A short history of the early workers theatre

In 1860's Germany, several educative clubs for workers started up, some of which called themselves: "Co-operatives for the acquisition and increase of intellectual capital". It was the hope of the various leaders of this movement that once workers educated themselves, the capitalists could no longer dare to offer them such exploitative wages. Whilst some workers'clubs, like the ADAV, which was based on Lasalle's ideas (Lasalle was an aristocrat who agitated on behalf of the workers, but who was dismissed by the left wing politicians as a mere dandy) considered 'self-help' (Selbsthilfe) as unsuitable for the betterment of workers' living conditions (they argued that the cause for impoverishment did not lie within the working class itself), other organisations (VDAV) saw self-help as the only possible way out of the dilemma.

The workers' theatre eschewed upper class amateur theatre and its audiences, and instead shifted the emphasis entirely to the lower classes of society, whilst in the beginning adapting forms of courtly and bourgeois amateur theatre to its own needs. "Tableaux Vivants" were not uncommon in those days. Another model was found in so-called "festival productions". These had their origin in the medieval mystery plays, or in festivals of the Renaissance, where a certain historical event was celebrated on a given day. Often such plays would anticipate the awaited victory and put visions of a better future on to the stage. The plays thrived on a strong sense of dualism, expressed in the form of hostilities between opposing historical parties, as well as in the juxtaposition of a backward-looking interpretation of history with visionary promises of the future.


But it all started out quite simply. When the first volume of Karl Marx’s "Das Kapital" was published in 1867, Mr J.B.v. Schweitzer studied it thoroughly and published the results in the newspaper "Social-Demokrat". In order to make the text's more difficult thoughts comprehensible to the newspaper's readers, he used the form of a dialogue, or a disputation between two characters. This written debate, called „Schlingel„, was not originally intended for the stage or live performance. Nevertheless, it began to be performed here and there as a piece in German workers’ clubs. Because some of the text was too lengthy or theoretical, Schweitzer published a version adapted for the stage. (The piece nonetheless remained more of a ‘Lesedrama’ or proclamation, and was intended to be read rather than to be acted on stage. It was often performed as part of a longer evening with a variety of different recitations.) Up until 1878, this was the only attempt to confront the workers with the relevancy of Marx’s economic theory. More workers and functionaries were introduced to Marx's ideas through these performances than through the book itself. "Das Kapital" sold very badly to begin with. In 1867, only 100 copies had been ordered, although by 1871, most of the 1st edition of 1000 was sold. But by that time, the „Schlingel„ had been performed at least 15 times, which indicates that about 1500 to 3000 people learnt about the important theories of "DasKapital" for the first time through the performance.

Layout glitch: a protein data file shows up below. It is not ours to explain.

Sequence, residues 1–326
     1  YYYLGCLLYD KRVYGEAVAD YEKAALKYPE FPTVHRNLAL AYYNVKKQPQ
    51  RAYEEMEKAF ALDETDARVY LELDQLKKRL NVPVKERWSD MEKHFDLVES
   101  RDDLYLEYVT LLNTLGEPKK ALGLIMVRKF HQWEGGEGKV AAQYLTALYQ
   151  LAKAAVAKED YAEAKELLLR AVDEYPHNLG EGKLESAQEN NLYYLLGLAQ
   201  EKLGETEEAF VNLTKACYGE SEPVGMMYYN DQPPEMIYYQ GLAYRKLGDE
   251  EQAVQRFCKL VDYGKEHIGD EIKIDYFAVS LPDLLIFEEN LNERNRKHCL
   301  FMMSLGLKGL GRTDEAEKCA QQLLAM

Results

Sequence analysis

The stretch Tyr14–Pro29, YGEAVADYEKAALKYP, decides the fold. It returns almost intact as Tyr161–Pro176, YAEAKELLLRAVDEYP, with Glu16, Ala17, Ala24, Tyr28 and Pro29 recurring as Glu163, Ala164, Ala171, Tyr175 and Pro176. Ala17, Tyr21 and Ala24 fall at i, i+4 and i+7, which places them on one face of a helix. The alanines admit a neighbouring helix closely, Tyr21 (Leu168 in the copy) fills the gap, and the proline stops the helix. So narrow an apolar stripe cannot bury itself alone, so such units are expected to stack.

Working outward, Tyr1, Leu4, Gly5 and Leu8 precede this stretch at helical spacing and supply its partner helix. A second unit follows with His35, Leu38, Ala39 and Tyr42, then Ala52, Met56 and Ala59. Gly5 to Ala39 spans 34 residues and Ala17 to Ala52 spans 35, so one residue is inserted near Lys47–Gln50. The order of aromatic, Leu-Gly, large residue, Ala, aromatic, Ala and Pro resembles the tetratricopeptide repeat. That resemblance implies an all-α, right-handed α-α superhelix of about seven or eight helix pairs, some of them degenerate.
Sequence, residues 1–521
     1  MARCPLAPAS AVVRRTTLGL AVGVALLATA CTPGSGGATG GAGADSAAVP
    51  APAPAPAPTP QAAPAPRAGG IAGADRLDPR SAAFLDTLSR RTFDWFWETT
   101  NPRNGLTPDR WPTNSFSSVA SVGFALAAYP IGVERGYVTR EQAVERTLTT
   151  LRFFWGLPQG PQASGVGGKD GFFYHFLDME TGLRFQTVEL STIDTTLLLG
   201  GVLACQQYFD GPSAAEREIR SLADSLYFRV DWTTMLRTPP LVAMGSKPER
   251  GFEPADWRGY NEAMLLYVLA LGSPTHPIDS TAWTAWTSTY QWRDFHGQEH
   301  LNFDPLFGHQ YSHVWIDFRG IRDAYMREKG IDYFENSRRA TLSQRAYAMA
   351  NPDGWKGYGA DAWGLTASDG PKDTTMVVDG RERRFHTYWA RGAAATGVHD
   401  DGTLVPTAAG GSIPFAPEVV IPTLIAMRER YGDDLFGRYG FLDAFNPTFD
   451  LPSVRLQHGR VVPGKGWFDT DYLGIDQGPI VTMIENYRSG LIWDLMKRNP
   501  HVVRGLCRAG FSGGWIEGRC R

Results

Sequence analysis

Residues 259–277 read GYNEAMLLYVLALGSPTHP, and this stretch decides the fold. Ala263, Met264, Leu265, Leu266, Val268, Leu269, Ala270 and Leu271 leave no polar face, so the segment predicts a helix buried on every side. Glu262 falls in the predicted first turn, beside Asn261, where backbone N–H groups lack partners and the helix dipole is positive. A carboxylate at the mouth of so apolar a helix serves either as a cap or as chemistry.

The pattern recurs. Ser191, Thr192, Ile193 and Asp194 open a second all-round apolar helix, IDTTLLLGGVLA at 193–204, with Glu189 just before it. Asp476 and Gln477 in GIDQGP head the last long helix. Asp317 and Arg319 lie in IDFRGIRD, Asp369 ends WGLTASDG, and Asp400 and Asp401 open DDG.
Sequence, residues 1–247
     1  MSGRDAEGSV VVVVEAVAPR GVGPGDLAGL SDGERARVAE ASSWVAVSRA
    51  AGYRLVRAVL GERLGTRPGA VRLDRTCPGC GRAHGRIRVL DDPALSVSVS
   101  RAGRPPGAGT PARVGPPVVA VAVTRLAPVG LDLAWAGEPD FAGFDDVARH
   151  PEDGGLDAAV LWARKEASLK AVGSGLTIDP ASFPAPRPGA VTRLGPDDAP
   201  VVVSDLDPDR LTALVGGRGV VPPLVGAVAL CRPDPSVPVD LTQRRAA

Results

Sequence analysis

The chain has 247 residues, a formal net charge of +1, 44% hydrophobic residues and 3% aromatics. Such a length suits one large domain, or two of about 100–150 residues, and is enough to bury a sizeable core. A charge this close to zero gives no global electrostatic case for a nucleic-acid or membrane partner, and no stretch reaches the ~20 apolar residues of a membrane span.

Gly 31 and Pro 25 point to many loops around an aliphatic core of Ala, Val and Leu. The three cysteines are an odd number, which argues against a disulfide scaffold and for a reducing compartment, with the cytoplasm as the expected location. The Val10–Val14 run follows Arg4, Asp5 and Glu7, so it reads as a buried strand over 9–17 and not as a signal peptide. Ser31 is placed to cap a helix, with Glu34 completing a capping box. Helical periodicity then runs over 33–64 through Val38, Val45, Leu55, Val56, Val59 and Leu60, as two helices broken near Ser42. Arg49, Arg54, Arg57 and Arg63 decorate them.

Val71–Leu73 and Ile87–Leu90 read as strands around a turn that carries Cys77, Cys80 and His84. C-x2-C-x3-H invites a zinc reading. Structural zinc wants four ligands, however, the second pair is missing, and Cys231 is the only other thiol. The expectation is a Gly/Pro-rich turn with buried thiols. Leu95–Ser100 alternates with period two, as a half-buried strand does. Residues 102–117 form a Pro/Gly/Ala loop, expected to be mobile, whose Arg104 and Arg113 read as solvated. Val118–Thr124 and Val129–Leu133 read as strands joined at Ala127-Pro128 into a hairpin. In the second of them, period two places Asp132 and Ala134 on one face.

However, long and argumentative debates were clearly not particularly entertaining. They were straightforward readings, slightly disguised with theatrical means. Their rhetoric and didactic literature were useful for purposes of agitation, but they included no action that could guarantee an entertaining stage play. Otto Walster considered these problems in "An Unsuccessful Agitator,or the Question of Real Estate", where he wrote an effective comedy, that included political debates and speeches, but only to a certain extent. Satisfying the need for entertainment was the major concern here; however, the piece did not in any way neglect actual political debates. Unfortunately, the play was not often performed in Germany. It was however published in 1877 in St Louis and performed by a New York workers’ theatre in the same year. German workers’ clubs in the United States had their own newspapers and the structure of their festivals was similar to that of the clubs in Germany. The ‘Volksbote’ in Chicago reported a huge ‘Tableax Vivant’ that was performed in front of some 2500-3000 cheering workers in the 1880’s.